Ah, '80s horror anthologies! These were really my favorites back in the day when I was working in a used bookstore and reading horror fiction with an all-consuming appetite. I ordered these titles like crazy, waiting impatiently for the UPS guy to arrive with boxes of new books ordered from Ingram and Baker & Taylor, ready with the boxcutter to slice 'em open and get at the goodies inside. First up? Why, it's Hot Blood (1990) from Pocket Books! Stories of horror and sex and their twining, by Harlan Ellison, Ramsey Campbell, Robert Bloch, Theodore Sturgeon, Graham Masterton, Ray Garton, David J. Schow, Skipp & Spector - oh my cup it do runneth over! I didn't know who Jeff Gelb was, but my days as a teenage Jersey metalhead had made me familiar with Lonn Friend, who edited the essential metal mag RIP.
Of course the Hot Blood series turned into quite a long-running one as the 1990s wore on; there were myriad ways to make sex and horror mix and mingle...
The Night Visions series, originally published in hardcover by specialty horror press Dark Harvest, were reprinted in paperback by Berkley. Lots of great names here, although I really only read a very few.
This series also continued into the '90s. Night Visions 3 from '86 was the first appearance of a little novella by Clive Barker called The Hellbound Heart; I think it was the basis for some movie or other.
Now we reach the Borderlands, and here there be dragons. I will always remember this great series for introducing me to Poppy Z. Brite, Karl Edward Wagner, and Joe R. Lansdale, so as you might imagine, it holds a special place in my own hellbound heart! (Oh look, it was originally published in October 1990 - no matter, it was the '80s up till at least Nevermind, if not Pulp Fiction, hope you don't mind me mixing my pop cultural metaphors.) The Borderlands went on for another four or five books, and were even reprinted by specialty gaming publishers White Wolf, and editor Thomas Monteleone started his own Borderlands Press. I simply must replace my long-gone copies for a reread.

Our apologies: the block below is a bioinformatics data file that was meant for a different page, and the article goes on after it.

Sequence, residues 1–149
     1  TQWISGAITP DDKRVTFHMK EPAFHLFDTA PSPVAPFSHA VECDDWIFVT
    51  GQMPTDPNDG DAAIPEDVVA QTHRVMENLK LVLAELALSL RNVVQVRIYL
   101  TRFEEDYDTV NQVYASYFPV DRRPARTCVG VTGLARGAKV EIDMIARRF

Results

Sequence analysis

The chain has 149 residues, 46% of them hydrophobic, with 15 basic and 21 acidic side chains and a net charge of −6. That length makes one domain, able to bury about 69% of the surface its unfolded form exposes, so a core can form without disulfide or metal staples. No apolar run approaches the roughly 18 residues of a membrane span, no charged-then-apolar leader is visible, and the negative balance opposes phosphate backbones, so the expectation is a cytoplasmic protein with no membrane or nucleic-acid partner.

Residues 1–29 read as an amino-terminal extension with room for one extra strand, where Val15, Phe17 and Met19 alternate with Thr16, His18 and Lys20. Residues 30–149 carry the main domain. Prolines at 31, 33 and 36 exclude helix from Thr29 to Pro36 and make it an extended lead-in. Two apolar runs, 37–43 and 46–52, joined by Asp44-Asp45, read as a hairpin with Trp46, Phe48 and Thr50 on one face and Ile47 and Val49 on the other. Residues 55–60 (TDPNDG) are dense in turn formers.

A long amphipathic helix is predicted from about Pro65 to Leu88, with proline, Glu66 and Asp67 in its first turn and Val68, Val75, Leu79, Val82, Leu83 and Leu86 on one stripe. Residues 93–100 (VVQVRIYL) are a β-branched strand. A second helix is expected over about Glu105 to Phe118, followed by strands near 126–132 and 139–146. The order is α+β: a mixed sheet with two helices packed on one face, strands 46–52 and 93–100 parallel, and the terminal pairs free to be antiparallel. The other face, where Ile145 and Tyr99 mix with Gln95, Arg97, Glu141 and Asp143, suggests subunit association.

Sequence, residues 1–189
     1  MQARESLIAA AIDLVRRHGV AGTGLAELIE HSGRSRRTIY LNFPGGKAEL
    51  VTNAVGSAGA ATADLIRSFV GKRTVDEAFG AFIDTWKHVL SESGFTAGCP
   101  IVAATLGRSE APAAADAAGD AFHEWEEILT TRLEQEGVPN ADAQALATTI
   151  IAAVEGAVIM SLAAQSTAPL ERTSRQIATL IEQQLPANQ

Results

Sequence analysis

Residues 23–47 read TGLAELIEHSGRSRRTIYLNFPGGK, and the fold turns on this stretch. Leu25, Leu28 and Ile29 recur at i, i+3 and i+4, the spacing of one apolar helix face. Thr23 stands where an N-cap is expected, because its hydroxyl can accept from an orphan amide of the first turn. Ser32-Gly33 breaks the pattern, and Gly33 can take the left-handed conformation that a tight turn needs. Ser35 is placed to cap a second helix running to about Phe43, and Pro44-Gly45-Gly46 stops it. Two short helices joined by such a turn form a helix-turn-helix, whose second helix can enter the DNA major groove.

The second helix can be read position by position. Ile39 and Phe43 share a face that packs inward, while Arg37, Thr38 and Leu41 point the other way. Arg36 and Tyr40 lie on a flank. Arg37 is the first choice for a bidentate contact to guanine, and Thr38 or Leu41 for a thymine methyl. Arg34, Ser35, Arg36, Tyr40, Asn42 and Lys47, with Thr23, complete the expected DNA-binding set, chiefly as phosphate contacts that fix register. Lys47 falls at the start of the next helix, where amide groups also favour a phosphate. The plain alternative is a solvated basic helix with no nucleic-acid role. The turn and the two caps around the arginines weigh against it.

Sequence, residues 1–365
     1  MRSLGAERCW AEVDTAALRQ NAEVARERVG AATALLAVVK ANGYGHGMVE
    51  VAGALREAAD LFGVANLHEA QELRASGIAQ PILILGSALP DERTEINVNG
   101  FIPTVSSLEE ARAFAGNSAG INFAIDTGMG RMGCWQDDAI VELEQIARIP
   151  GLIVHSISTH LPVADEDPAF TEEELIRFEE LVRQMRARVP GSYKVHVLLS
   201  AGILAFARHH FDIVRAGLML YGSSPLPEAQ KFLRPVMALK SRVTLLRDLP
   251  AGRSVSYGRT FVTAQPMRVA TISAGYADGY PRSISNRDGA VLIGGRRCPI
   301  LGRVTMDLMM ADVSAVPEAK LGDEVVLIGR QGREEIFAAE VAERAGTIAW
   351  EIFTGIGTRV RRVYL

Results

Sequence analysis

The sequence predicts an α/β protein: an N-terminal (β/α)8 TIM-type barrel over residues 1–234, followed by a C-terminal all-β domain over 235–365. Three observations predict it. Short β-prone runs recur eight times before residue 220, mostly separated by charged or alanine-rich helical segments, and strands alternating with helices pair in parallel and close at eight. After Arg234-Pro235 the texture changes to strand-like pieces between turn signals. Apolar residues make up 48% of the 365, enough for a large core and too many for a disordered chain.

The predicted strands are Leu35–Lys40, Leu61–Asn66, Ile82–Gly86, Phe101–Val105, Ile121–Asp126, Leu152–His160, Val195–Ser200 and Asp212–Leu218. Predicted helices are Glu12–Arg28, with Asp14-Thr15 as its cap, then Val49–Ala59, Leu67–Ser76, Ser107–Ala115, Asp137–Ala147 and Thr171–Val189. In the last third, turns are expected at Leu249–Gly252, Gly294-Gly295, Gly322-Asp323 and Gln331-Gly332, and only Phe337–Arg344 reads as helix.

As a young burgeoning liberal dude with female friends who all wanted to be writers (Anais Nin, to a one!) I consciously branched out with Women of Darkness (1988), and recall the bizarre delights of tales by Nancy Holder, Kit Reed, and Elizabeth Massie. Indeed there was a sequel to this as well, but I don't think I ever read it.
Whispers began as Stuart David Schiff's labor of love magazine, then in the late '70s became paperback anthologies, which were reprinted in the '80s by Jove Books, as you see here. Love the tormented silvery faces (predicting the covers of the Dell/Abyss series to come; the artist is Marshall Arisman). The stories herein seem to be much more quiet horror, and names like Charles L. Grant, Robert Aickman, Fritz Leiber, William F. Nolan, Alan Ryan, Manly Wade Wellman, Dennis Etchison, Campbell, Wagner, and the like predominate. Pretty sure I read some of this stuff well before I read even any King, but damn that was a long time ago.
Of course Texas born-and-bred Joe Lansdale his ownself edited an anthology of western-themed horror stories! Nicely titled too: Razored Saddles (1989). This one was labeled as "cowpunk" on its spine, a jokey nod to splatterpunk. Now honestly I've never really cared about westerns at all - something about all that brown dust, brown sand, brown storefronts, and brown horses bores me to impatience (the brown liquor's okay though) - so I've never read this one at all. Surely one of you folks out there has.
Other '80s horror anthologies that I've already reviewed: Cutting Edge (1986), Prime Evil (1988), and Silver Scream (1988). Which ones did I miss?
The Poltergeist of Borley Forest
50 minutes ago